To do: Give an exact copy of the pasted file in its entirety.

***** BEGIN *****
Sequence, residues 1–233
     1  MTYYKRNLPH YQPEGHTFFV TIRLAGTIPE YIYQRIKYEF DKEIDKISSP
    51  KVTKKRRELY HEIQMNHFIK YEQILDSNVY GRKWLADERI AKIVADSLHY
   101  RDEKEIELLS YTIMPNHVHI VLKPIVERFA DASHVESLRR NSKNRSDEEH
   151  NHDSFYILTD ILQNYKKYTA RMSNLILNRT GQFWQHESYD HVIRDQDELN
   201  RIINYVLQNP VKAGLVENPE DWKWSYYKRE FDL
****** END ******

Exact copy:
Sequence, residues 1–233
     1  MTYYKRNLPH YQPEGHTFFV TIRLAGTIPE YIYQRIKYEF DKEIDKISSP
    51  KVTKKRRELY HEIQMNHFIK YEQILDSNVY GRKWLADERI AKIVADSLHY
   101  RDEKEIELLS YTIMPNHVHI VLKPIVERFA DASHVESLRR NSKNRSDEEH
   151  NHDSFYILTD ILQNYKKYTA RMSNLILNRT GQFWQHESYD HVIRDQDELN
   201  RIINYVLQNP VKAGLVENPE DWKWSYYKRE FDL